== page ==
CIRCLE (The Center for Information and Research on Civic Learning and Engagement)
conducts research on the civic and political engagement of young Americans.
The Center for Information & Research on Civic Learning and Engagement

Youth Turnout Down in New Jersey, About the Same in Virginia, Compared to Past Gubernatorial Elections

November 4th, 2009
Email to a Friend

Turnout of Voters Under Age 30 is 19% in New Jersey, 17% in Virginia, and 12% in New York City
Interviews with Experts Available; Contact David Roscow at
703-276-2772 x14 or

Tisch College, Medford/Somerville, Mass. –  Young voters played a major role in the 2008 presidential election, but less so in 2009.  In the New Jersey governor’s race, turnout decreased by seven points to 19% between 1997 and 2009.  In Virginia, turnout decreased by just one point to 17% between 1997 and 2009.  Less than one in five eligible young people voted in both states. A majority of young people preferred the Democratic candidate in New Jersey and the Republican candidate in Virginia.

To produce state-level youth voting estimates immediately following an election, CIRCLE relies on preliminary exit polls, which are subject to revision.   We must use 1997 for comparison because no turnout data are available for more recent off-year elections in these two states. Thus we do not know the change since 2005, the most recent gubernatorial election year in Virginia and New Jersey. Comparisons to the presidential election year of 2008 are misleading because turnout is always much lower in odd-numbered years.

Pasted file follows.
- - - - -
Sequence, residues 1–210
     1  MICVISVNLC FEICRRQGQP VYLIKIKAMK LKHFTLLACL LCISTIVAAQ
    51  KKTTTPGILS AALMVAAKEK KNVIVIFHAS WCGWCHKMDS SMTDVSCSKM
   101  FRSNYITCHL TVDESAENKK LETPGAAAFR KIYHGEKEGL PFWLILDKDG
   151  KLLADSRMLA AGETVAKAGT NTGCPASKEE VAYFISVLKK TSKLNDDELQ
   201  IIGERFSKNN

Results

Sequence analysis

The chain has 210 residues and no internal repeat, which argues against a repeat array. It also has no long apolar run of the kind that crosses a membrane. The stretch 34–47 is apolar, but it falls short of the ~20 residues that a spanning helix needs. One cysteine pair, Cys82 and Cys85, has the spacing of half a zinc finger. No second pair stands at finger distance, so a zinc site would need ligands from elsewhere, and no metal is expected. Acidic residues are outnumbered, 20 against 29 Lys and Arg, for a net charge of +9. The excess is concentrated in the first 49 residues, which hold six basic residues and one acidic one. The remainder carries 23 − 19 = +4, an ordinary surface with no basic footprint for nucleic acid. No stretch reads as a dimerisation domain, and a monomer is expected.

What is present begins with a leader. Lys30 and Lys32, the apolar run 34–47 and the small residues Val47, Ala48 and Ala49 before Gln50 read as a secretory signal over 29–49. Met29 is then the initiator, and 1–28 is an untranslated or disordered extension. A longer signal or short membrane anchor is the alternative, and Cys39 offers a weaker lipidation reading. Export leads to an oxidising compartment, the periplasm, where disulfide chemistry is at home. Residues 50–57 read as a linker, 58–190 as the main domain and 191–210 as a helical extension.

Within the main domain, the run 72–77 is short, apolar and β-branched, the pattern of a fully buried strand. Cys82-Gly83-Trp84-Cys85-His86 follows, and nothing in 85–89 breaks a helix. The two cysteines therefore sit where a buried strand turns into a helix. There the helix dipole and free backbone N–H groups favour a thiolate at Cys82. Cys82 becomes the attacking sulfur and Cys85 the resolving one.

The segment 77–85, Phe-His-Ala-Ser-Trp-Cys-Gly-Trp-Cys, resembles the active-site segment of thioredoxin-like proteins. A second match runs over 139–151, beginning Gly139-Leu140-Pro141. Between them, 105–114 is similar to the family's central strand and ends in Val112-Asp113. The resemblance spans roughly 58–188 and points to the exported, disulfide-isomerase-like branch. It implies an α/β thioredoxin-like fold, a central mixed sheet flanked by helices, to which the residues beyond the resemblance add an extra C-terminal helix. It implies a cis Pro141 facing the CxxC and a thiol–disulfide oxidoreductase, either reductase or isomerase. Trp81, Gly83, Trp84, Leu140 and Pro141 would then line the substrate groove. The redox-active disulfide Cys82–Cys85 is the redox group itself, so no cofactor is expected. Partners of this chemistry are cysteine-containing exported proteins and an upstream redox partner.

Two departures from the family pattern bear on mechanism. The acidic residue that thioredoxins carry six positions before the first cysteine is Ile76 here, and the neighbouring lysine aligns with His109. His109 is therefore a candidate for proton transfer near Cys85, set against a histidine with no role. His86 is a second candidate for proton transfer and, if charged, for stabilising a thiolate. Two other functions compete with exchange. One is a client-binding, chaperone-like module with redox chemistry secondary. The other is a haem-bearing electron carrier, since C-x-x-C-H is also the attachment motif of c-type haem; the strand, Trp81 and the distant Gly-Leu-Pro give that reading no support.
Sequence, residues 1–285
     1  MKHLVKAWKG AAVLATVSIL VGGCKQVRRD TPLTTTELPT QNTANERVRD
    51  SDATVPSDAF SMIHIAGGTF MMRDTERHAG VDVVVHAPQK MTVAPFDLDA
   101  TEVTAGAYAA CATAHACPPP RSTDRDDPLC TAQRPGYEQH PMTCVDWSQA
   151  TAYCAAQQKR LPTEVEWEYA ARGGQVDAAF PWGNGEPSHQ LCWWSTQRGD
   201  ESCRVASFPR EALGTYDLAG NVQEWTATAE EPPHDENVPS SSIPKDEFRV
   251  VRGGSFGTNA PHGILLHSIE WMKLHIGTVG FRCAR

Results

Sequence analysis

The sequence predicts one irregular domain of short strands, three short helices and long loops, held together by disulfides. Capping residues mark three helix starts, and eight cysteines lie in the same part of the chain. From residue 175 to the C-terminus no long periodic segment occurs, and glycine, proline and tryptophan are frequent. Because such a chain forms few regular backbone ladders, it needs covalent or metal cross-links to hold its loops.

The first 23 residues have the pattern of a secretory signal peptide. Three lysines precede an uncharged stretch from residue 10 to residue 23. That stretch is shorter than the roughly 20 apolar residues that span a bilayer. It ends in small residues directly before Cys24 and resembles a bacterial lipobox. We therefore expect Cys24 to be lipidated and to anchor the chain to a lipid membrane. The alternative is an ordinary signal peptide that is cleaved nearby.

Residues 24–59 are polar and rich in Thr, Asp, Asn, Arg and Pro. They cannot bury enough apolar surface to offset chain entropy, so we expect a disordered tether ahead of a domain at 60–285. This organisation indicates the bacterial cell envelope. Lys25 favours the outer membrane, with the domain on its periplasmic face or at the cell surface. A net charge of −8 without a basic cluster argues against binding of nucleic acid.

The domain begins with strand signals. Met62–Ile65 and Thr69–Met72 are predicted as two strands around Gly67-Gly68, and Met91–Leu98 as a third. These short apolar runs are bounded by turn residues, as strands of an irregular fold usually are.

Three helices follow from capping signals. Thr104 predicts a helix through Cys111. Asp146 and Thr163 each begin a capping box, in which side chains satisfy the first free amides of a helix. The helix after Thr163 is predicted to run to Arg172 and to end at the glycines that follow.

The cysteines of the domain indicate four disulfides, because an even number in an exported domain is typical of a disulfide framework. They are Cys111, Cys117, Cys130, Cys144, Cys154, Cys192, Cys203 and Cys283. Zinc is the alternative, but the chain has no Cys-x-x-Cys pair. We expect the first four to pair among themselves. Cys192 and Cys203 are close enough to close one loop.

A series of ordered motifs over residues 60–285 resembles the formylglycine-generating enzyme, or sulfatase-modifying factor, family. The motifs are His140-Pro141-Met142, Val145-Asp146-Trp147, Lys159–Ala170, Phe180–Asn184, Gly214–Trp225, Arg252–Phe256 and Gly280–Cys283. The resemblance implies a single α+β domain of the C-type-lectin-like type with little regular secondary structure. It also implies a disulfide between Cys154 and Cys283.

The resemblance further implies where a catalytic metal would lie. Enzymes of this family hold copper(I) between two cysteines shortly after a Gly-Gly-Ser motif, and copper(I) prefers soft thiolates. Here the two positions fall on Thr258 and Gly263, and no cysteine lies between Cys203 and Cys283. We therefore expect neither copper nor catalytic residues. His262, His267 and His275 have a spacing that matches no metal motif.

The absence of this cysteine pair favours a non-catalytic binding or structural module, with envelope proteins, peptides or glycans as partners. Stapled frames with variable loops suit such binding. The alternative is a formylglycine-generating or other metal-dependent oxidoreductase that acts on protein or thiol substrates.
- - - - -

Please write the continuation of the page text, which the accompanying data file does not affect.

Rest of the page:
Table 1: Turnout in Gubernatorial Elections, ages 18-29





New Jersey






As a proportion of all the people who voted, in 2009, under-30s represented 9% in New Jersey and 10% in Virginia. (“Turnout” is the proportion of all young citizens who voted, shown above.)

In Virginia, where Republican Robert F. McDonnell won the election by a large margin, young voters preferred McDonnell to Democrat R. Creigh Deeds by 54% to 44%. In New Jersey, young voters preferred Jon S. Corzine over Christopher J. Christie by 57% to 36%. In New York City, young voters preferred Michael R. Bloomberg to William C. Thompson Jr. by 49% to 48%. These results are according to exit polls conducted by Edison Research.

Data from the 2000, 2004, and 2008 presidential elections show that youth turnout in Virginia, New Jersey, and nationally had been steadily increasing in presidential years:

Table 2: Turnout in National Elections, ages 18-29


STATE (Ages 18-29)




New Jersey












“Although 17 and 19 percent are low turnout numbers and far from satisfactory, they should be put in context,” said CIRCLE Director Peter Levine. “Turnout is always much lower in off-year gubernatorial elections than in presidential years. Also, it is a statistical mistake to generalize or make predictions based on a very small sample, such as two governors’ races. We do know, however, that gubernatorial campaigns and independent, nonpartisan groups put more resources into mobilizing youth in 2005 than they did in 2009. Other research shows that campaigning to young voters is effective at raising their turnout.”